With prom season approaching, students in Lake Zurich, Illinois might think twice before drinking and getting behind the wheel. That's because Operation Prom Night made an appearance this week at the high school and presented a simulated prom night crash caused by a drunk student.
Several students acted as prom-goers dressed in formal wear with first responders present from the local fire department. A female student was splashed with fake blood and laying across the hood of a significantly damaged vehicle.
The purpose of Operation Prom Night is to make students realize how dangerous and potentially deadly it can be to drink and drive or to drive after taking drugs. While the scene may have been graphic in an effort to make a point, many people thought the program was well done and effective.
In Illinois, teenagers and people under the age of 21 are not allowed to have any alcohol in their system when they drive while it is illegal for anyone to drive under the influence of drugs. Special occasions, including prom, often cause a spike in teenage drinking as well as teenage drinking and driving so organizers feel it is important to highlight the dangers before these temptations arise.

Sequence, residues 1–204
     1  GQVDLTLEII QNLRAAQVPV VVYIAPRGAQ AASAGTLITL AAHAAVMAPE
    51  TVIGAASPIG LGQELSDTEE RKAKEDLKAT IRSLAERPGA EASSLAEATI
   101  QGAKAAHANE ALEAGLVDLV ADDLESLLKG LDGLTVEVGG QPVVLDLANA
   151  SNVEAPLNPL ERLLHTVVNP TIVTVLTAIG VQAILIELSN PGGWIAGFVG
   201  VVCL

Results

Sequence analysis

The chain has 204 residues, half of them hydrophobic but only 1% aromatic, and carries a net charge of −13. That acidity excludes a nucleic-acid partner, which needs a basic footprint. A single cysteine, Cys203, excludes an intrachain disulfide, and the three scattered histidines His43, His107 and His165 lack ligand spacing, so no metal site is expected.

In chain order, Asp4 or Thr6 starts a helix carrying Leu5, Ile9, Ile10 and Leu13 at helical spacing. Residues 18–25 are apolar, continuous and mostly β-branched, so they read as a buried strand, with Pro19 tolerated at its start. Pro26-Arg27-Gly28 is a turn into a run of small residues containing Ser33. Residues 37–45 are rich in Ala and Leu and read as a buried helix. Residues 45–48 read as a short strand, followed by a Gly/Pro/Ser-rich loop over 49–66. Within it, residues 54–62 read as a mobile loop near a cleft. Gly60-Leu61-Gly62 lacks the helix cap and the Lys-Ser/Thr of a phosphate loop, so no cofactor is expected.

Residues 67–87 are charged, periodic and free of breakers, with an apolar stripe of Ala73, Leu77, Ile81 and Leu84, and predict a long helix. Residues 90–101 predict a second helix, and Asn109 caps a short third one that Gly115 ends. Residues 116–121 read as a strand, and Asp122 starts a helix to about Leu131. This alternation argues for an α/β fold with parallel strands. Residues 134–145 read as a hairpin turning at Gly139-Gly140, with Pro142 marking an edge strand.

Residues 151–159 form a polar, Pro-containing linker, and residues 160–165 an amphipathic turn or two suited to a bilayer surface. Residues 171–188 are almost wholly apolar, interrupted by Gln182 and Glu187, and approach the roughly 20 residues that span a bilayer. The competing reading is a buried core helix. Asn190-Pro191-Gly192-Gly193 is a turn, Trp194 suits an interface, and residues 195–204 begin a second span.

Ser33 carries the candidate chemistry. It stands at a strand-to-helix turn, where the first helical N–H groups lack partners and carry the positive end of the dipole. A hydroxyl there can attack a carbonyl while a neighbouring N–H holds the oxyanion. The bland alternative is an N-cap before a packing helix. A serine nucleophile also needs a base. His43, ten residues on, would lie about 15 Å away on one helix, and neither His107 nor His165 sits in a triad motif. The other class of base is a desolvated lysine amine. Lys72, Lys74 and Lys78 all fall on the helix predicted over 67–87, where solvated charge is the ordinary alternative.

Car crashes continue to be the biggest cause of death among U.S. teenagers each year, and though highway deaths have declined lately, too many teenagers continue to die in collisions. Teenagers and other young drivers are at a higher risk of crashes to begin with due to a lack of developed driving skills, lack of experience, and an inability to anticipate dangerous conditions that more experienced drivers tend to possess. Adding drugs or alcohol to the mix slows a teenager's ability to make decisions and slows reaction time, making crashes even more likely. In fact, in 2008, one in seven people killed in a drunk driving accident was under age 21 and therefore not even old enough to legally drink.
It is unclear whether Operation Prom Night will reduce drinking and driving in Lake Zurich this year but organizers hope that parents will reinforce the lessons taught by speaking with their teens at home, expressing the dangers of drinking and driving, and coming up with alternate plans, like having a safe ride available, in case a teen finds themselves in a dangerous situation.